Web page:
- Dual Junior/Baby Pin (28mm/16mm) for Easy Mounting
- Separate Control Box for a Lighter Lamp Head
- 7.5m Weatherproof Head Cable
- 6m Locking Neutrik Power Cable
- Lightning Clamp Quick Release Plate
- 4 Dimming Curves: Linear, Exponential, Log, S-Curve
- 9 Lighting FX: Paparazzi, Fireworks, Lightning, Faulty
- Bulb, TV, Pulsing, Strobe, Explosion, & Fire
What’s Included with the LS 600x Pro
|LS 600x Pro Kit|
|LS 600x Pro Lamp Head||1|
|LS 600x Pro Control Box||1|
|LS 600 Series Hyper Reflector||1|
|LS 600 Series 5-Pin Weatherproof Head Cable (7.5m)||1|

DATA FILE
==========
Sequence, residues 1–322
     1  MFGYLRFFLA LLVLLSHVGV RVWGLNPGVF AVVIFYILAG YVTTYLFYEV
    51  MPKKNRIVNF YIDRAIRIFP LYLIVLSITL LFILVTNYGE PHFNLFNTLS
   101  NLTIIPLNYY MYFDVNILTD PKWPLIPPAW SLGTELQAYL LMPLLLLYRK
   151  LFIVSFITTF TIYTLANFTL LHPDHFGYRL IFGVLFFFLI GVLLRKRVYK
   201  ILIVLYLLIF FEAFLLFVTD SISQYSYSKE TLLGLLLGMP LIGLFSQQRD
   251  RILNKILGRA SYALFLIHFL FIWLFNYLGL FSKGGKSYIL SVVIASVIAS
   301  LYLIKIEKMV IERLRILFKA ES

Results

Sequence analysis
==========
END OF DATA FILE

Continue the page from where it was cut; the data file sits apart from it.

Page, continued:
|Neutrik powerCON TRUE1 TOP AC Power Cable (6m)||1|
|LS 600x Pro Rolling Carrying Case||1|
The rolling case is nice. It has a semi-hard fabric-lined exterior that keeps the case lighter than a hard case but also protective. Part of that protection comes from the interior form-fitting foam pads that the light and controller nestle into. Everything stays in place inside the case.
One downside is there isn’t any room for extra stuff. You could put some clips and gels in the mesh lid pocket, but not much room for anything else. I do think it will protect well, and the inline-type wheels make it easy to get to set.
Just like the LS 600d Pro, the 600x Pro shares that much-improved build quality. The fixture head alone is heavy at 11.84 pounds or 5.37 kilograms.
I like the curved disk-brake yoke design. The single handle is long, so I can get a good grip on it and tighten it down. The fixture can rotate 360° with the reflector attached.